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From the week of January 27, 2005

Let's just hope that both worlds -- cars and motorcycles alike -- can come together and be more careful and considerate of each other on the roads.

Rosemary McManis
Denver

The people next door:Thank you for a wonderful article about the LaFore family. We used to live next door to Mike's mom and dad on Yates Street from 1978 to 1990, when we moved to Georgia. We got to see the LaFore kids grow up, and our boys, Garrett and Brandon, grew up with them. We were saddened and shocked when we heard that Mike, Chris and Sarah had lost Christian, then stunned when the same thing happened to Jason. We can certainly attest to all that was said in Luke Turf's article. The LaFores are a really fine family. It would be a better world if more people were like them.

Wayne and Teresa Phillips
Douglasville, Georgia


The Pile High City

An open invitation:In Michael Roberts's "On a Wave," in the January 20 issue, he omitted mention of the two most important aspects of this deluge of newspapers.

First, it places an obligation, unwanted and unlooked for, of going outside and picking something up that you have not asked for. Surely this falls under the "no-call" legislation that applies to telemarketers? In fact, I believe this is an attempt to circumvent this legislation.

Second, and perhaps most important, it results in newspapers piling up outside -- since, if you haven't ordered them, how the hell do you know they are being delivered? Many people go in and out of their homes through the garage and never bother to look at the front pathway, or wherever they are deposited. This results in a pile of newspapers, giving the impression that the place is unoccupied and thus an invitation for break-ins.

And what if you are away, anyway? All advice in the travel sections of papers says to be sure to cancel your newspapers before traveling. If this offer were made through the mail and only delivered with your positive response, then it would make sense. As it is, I consider this a grave invasion of privacy. And if burglars break in, thinking a place is unoccupied because there is a pile of newspapers outside, and somebody gets hurt, who is responsible?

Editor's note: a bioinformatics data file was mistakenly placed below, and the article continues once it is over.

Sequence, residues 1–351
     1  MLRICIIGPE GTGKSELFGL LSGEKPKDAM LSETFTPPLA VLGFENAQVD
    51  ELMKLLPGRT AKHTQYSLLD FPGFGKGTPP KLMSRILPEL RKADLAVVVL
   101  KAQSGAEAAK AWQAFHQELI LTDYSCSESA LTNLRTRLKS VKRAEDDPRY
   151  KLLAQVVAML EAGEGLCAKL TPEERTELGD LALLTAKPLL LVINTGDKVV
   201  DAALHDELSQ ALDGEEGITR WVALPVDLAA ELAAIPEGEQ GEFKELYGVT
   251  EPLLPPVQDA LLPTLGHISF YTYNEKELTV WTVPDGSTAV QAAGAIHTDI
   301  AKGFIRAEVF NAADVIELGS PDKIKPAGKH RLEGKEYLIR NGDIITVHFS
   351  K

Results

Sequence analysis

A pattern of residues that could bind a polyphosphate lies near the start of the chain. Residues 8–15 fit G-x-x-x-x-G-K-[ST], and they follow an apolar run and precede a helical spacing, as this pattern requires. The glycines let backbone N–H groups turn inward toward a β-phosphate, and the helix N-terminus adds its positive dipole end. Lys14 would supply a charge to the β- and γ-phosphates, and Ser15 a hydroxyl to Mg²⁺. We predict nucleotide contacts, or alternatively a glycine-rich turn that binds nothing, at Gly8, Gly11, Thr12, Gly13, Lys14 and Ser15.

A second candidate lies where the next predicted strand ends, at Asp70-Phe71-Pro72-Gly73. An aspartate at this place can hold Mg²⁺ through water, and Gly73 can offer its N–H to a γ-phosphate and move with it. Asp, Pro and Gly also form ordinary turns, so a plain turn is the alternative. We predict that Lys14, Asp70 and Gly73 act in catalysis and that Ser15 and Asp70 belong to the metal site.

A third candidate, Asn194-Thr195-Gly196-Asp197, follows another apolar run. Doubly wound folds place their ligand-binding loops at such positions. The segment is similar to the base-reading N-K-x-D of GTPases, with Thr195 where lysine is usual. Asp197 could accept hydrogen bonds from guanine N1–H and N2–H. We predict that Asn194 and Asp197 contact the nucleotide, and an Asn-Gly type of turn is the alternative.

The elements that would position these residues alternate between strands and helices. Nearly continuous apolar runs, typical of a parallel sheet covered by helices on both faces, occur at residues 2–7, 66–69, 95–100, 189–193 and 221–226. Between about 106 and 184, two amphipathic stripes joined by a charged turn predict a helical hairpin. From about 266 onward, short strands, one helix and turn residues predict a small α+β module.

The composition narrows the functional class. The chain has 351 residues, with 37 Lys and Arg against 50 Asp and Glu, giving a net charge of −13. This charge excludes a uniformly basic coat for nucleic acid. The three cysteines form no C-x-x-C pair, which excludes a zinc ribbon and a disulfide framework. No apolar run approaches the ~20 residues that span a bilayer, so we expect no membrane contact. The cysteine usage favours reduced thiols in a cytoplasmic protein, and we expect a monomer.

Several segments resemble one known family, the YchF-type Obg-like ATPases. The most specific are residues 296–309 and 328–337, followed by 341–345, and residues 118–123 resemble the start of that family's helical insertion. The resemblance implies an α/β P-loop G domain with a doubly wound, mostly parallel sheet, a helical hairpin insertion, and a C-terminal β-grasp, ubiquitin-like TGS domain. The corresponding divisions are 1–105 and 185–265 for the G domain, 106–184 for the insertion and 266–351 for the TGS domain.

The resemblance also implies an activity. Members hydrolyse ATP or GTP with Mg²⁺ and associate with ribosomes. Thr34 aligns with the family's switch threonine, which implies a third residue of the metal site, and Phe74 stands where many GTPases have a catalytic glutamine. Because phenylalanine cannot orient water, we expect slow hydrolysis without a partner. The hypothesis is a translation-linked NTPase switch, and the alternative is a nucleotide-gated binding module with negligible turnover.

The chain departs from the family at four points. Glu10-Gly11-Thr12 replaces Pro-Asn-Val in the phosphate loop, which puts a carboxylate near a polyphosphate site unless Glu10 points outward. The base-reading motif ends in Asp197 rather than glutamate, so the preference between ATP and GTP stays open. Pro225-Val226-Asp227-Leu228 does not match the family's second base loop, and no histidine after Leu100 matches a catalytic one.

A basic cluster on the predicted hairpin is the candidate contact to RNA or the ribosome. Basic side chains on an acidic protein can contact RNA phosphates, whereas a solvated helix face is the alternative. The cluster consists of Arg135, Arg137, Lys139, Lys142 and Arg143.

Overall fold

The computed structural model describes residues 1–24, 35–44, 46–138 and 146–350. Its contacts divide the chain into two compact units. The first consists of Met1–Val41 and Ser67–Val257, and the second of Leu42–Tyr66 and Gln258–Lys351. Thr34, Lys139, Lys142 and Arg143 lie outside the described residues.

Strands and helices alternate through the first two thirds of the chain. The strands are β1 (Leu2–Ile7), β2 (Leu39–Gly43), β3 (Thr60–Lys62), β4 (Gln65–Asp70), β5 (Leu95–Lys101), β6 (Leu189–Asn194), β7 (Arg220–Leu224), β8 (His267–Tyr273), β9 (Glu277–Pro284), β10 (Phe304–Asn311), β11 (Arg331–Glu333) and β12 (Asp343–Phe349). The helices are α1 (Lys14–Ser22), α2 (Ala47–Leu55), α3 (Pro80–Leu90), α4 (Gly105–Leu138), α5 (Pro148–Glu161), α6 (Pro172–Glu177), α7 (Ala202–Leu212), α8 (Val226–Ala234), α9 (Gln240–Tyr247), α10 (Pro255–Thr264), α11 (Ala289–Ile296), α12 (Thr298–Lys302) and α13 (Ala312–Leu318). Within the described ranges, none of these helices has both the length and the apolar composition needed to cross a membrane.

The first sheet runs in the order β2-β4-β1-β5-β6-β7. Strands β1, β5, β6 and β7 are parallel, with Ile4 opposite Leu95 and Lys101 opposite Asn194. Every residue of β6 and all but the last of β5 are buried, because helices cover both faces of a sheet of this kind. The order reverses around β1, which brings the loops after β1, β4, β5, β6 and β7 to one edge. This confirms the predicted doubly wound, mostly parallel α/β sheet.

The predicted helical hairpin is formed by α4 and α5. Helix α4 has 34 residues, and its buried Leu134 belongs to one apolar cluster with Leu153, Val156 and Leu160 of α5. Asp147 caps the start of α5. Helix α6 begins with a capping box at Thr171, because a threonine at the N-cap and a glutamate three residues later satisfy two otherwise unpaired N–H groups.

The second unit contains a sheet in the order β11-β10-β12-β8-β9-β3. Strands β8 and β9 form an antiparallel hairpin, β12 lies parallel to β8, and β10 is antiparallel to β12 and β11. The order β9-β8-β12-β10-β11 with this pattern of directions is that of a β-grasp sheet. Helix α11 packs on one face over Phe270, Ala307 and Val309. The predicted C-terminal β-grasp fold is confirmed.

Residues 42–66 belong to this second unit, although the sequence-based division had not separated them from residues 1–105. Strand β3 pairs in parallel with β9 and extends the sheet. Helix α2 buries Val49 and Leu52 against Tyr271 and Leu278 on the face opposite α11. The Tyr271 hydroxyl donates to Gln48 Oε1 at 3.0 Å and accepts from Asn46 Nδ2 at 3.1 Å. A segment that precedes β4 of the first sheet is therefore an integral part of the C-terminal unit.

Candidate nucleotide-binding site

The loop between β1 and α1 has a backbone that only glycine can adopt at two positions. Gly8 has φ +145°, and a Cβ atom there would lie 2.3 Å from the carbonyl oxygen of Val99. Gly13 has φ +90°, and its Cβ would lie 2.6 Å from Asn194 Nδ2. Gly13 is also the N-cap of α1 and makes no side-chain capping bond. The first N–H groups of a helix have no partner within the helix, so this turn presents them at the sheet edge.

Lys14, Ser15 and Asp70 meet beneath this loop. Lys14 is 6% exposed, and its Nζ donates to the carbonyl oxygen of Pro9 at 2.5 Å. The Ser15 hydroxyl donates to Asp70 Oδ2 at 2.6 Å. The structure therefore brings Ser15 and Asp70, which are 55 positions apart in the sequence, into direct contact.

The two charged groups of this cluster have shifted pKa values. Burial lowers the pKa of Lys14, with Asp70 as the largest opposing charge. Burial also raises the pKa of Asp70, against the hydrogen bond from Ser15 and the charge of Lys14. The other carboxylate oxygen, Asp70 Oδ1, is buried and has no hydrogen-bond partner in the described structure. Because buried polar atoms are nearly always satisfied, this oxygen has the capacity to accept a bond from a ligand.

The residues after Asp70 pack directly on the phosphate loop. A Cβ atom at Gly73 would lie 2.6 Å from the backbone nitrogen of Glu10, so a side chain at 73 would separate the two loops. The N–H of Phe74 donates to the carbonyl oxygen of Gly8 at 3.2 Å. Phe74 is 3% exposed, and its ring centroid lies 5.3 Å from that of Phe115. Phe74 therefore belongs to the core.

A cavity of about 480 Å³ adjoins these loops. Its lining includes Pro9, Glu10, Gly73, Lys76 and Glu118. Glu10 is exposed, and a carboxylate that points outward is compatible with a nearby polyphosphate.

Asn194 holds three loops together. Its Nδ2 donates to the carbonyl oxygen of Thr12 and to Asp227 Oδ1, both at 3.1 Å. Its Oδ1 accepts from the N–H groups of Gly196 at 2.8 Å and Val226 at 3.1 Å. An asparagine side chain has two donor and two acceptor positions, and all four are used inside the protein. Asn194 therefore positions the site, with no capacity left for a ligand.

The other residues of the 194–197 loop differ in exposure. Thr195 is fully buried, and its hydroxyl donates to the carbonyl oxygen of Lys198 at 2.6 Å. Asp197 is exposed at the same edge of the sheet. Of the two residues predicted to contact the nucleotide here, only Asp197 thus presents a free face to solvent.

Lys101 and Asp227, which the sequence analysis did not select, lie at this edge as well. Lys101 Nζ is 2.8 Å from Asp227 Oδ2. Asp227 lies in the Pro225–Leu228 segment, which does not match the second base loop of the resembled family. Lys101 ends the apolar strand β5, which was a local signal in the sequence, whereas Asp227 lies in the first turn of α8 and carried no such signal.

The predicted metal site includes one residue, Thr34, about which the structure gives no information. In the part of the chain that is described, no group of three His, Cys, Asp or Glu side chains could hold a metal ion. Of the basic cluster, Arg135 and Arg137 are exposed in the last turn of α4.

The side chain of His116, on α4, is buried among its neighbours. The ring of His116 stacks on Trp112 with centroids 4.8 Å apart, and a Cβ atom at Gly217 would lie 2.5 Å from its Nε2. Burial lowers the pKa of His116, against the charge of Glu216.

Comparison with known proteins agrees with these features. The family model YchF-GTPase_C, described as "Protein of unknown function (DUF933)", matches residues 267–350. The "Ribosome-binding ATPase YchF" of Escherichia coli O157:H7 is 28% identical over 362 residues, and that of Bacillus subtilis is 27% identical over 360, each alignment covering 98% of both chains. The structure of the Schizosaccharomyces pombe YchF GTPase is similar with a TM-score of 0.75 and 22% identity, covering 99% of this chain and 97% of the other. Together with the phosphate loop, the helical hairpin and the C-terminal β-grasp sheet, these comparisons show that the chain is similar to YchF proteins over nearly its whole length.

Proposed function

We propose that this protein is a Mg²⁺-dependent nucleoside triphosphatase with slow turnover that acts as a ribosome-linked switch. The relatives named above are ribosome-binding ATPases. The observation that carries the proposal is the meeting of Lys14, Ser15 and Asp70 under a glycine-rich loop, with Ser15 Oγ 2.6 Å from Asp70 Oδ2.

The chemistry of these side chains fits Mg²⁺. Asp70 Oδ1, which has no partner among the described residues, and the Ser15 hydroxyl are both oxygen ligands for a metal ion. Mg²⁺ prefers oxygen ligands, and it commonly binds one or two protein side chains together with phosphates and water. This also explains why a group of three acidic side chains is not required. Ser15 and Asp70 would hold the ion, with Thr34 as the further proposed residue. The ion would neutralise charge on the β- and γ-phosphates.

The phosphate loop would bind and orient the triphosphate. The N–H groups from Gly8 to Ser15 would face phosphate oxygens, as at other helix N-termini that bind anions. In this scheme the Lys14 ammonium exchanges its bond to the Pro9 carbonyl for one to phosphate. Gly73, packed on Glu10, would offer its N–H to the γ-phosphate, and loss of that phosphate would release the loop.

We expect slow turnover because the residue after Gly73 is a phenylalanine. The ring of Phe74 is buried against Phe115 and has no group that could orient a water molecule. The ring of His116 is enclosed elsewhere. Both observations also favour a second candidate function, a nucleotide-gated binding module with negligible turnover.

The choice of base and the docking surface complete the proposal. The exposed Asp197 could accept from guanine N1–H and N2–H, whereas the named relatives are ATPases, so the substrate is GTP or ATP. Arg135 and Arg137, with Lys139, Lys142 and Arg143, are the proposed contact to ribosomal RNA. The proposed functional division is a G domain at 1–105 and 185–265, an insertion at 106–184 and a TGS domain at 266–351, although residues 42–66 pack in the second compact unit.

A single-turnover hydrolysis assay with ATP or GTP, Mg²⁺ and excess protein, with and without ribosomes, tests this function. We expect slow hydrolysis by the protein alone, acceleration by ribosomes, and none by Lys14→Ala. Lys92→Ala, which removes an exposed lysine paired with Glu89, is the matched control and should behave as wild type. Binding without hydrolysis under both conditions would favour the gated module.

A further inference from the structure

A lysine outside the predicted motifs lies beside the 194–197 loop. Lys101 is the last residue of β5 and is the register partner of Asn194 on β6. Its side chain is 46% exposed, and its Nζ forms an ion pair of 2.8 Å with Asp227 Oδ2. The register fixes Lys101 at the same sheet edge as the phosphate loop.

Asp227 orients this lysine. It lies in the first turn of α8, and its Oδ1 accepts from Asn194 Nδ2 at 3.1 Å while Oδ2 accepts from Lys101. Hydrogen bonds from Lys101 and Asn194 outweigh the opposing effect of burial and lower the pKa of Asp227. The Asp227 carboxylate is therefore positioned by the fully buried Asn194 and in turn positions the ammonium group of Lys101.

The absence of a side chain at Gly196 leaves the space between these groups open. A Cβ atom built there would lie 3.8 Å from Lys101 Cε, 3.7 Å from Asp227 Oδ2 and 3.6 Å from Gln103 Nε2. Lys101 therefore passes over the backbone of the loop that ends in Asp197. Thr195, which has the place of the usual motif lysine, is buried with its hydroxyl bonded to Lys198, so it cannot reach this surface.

George Armstrong
via the Internet

Junk mail:I agree with Marie Kurth: If I didn't subscribe to a given newspaper; if I didn't request a copy of a given newspaper, I do notwant to find it on my property, with due reason and cause: Neither the Denver Post nor the Rocky Mountain News, along with a substantial number of newspapers in Colorado, are worth the paper they are printed on. Not that those responsible for the publication of these newspapers actually care what I, Marie Kurth or anyone else who doesn't work for them or agree with them thinks. We are, as one employee of the Post recently told me, inches from my face, "not worth a damn."

James C. Hess
via the Internet

No free lunch:I have long had a problem with the Denver Post's "free paper" programs. Years ago, I subscribed to the Sunday edition, which then became the "weekend" edition, with papers on Friday, Saturday and Sunday. If my delivery had been limited to those days, I would have been okay. But as I traveled on business, the extraneous papers arriving during the week advertised my absence. Nothing like returning from a week on the road to find several papers on your doorstep. They also frequently ignored "vacation holds" when I had longer trips. So I canceled! Every few years, I would try again, with the same results.

When my job changed, I started subscribing to the Rocky Mountain News. I still had some travel, but they were quite willing to stop delivery upon request. Then came the joint operating agreement between the Denver Post and the Rocky Mountain News, forming the Denver Newspaper Agency. Vacation holds once again became meaningless. So again, I canceled!

I have not subscribed to any paper for several years. But I keep having papers arrive at my doorstep. I've called the police about the litter, but since the DNA is providing a service/product, they're not covered by litter or soliciting laws. I've called the DNA several times to complain. And deliveries would stop for a while, only to begin again. The last time I called, I was informed that they would put me on a never-deliver list but that my name would be removed in one year, just like the do-not-call list.

I mentioned their liability for announcing my absence to burglars, but the DNA felt the revenue generated by the advertising issues exceeded their risk.

Steve Shapland
Aurora


Fox in the Penhouse

Leaf him alone:Regarding Michael Roberts's "New Leaf," in the January 13 issue:

I almost choked on a chicken finger when I read the article on Charles Leaf. I happened to be working at WPMI in Mobile when both incidents happened. Not only does this guy have a violent hair-trigger temper, but he's a liar -- and a bad one. The police were called to the TV station after several of Leaf's (and my) co-workers witnessed him punching and choking a photographer. Why he wasn't fired for that one is beyond me. Hmmm, funny how the tape that was supposed to show what really happened was recorded over. Finally, he was fired after another victim of his aggression filed suit against the station and Clear Channel. Trust me, there was no amicable sendoff for him. He walked in ready to go chase another hot lead, and his desk was being cleaned out. Surprise!

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